The Border Gateway Protocol (BGP) establishes routes between the many independently-administered networks that make up the Internet. Over the past two decades there has been exponential growth in the scale and complexity of the Internet. However, BGP has not changed significantly in comparison and, consequently, does not always cope well with modern-day challenges (bounded computational resources, economically driven manipulations, security attacks, and more). Understanding, "fixing" and redesigning interdomain routing necessitates taking a principled approach that bridges theory and systems research, and breaks traditional disciplinary barriers. I shall present conceptual frameworks for addressing today's challenges and novel routing schemes that improve on the existing ones. Specifically, I shall present (1) a necessary condition for BGP safety, i.e., guaranteed BGP convergence to a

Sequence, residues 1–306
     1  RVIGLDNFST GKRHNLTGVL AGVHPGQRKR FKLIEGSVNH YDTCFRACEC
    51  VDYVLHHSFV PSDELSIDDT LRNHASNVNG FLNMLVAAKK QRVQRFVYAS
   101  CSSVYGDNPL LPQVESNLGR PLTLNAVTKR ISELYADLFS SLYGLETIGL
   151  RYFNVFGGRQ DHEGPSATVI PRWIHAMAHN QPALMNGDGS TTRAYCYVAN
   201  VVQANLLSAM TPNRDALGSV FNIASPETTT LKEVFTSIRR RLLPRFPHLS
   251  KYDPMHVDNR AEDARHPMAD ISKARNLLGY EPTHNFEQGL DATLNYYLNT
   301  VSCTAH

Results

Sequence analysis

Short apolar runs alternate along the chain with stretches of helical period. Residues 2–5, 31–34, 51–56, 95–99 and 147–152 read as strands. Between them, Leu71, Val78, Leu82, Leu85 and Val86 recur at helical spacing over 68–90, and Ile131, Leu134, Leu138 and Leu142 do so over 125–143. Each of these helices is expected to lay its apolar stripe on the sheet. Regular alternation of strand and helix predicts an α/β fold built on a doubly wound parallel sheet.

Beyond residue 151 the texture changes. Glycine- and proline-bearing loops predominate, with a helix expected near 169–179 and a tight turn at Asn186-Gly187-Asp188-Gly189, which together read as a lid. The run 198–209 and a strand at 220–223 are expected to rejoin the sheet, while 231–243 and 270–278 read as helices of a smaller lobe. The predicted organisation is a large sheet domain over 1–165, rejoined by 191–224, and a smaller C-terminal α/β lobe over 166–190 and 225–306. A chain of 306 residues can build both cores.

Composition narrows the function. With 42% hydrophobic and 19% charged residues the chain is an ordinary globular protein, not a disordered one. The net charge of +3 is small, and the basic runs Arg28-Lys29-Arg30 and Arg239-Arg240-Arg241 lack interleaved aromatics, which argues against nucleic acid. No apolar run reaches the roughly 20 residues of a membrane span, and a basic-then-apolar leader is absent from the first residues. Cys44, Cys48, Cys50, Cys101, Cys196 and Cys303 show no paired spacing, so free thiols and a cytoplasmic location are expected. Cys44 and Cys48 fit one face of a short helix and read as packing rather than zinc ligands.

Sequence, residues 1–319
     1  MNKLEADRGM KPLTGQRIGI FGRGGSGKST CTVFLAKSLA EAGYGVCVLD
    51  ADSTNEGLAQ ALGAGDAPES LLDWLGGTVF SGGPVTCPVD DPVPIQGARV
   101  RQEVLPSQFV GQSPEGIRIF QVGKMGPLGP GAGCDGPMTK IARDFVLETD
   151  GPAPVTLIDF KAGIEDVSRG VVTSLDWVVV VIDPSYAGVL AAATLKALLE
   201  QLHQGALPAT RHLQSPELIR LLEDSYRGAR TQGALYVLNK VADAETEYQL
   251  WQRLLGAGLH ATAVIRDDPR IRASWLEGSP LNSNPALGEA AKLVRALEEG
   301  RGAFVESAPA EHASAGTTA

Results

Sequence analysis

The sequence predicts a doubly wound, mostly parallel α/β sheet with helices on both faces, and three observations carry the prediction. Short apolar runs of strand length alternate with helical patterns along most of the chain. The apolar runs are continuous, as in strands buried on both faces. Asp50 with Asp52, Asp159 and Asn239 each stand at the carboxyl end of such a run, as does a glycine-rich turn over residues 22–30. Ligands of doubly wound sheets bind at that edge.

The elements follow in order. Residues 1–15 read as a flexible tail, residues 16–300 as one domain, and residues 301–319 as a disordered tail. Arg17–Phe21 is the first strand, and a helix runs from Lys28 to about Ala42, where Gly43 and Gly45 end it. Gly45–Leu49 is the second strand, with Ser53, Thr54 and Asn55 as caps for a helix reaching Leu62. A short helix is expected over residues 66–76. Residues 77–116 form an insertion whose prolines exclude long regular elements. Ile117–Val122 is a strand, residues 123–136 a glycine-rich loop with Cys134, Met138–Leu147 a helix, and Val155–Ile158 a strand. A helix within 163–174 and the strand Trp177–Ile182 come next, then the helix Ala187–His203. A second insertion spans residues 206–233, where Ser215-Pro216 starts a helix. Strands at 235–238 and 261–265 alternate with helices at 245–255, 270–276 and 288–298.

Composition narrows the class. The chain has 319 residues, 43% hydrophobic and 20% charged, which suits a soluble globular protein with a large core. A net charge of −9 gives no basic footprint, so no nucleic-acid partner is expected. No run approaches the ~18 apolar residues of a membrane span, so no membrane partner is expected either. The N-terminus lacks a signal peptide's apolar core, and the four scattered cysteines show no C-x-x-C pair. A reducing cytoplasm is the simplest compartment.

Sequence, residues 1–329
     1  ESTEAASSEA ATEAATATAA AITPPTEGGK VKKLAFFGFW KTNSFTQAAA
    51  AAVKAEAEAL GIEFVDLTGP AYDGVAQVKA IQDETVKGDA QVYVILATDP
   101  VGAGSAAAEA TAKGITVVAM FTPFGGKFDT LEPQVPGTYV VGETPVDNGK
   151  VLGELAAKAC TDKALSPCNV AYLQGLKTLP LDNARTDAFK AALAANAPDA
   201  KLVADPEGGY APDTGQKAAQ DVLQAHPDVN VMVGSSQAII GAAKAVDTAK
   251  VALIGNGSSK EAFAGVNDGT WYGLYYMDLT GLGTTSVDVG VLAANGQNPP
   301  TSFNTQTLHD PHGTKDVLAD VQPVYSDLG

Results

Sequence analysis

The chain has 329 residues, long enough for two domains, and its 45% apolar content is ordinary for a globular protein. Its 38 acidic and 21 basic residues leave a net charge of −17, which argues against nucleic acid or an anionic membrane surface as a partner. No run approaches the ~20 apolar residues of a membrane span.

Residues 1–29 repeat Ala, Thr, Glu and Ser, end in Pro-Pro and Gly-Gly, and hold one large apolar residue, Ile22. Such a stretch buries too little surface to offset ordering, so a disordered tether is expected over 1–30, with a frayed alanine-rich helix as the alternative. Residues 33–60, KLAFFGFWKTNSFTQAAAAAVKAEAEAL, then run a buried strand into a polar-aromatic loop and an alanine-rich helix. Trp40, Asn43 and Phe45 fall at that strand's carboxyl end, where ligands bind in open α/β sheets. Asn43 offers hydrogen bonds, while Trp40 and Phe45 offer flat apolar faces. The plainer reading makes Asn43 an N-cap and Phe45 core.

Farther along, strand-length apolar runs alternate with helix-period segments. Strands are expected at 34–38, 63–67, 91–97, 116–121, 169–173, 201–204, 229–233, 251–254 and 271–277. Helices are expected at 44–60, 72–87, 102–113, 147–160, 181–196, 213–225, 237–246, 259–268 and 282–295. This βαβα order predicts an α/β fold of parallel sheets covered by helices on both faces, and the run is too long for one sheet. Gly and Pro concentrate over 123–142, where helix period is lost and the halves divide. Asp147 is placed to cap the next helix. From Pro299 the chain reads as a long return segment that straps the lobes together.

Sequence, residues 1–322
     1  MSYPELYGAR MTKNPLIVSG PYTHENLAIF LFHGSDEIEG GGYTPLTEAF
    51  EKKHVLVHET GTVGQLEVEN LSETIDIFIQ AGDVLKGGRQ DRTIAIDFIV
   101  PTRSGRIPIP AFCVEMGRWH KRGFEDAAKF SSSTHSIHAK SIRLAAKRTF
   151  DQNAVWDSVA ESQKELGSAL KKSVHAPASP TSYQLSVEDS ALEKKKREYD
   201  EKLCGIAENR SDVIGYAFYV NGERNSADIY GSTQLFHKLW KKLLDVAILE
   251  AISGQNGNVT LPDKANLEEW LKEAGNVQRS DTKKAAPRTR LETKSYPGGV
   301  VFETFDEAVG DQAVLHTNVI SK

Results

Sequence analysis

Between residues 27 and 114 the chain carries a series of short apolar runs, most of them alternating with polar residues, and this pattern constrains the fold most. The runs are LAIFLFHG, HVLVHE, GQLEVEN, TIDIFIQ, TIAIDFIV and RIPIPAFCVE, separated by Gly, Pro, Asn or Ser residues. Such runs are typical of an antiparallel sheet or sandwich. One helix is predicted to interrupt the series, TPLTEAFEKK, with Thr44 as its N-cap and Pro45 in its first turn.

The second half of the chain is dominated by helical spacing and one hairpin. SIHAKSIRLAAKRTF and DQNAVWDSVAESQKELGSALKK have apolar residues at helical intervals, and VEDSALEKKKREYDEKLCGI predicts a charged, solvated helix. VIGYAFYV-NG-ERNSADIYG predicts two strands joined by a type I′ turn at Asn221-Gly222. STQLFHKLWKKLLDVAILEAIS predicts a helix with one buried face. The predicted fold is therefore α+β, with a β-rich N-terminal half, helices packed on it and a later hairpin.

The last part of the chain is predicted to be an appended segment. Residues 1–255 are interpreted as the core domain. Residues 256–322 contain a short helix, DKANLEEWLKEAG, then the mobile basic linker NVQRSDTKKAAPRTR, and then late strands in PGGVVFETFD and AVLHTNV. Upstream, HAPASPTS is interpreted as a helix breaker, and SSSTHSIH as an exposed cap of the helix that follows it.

"stable" routing outcome; (2) an economic approach to BGP security; and (3) Neighbor-Specific BGP -- a modest extension to BGP that allows network administrators more expressive routing policies while improving global network stability. I shall also discuss the surprising implications of these results for other areas of research: distributed computing, game theory and mechanism design. Finally, I shall outline interesting directions for future work.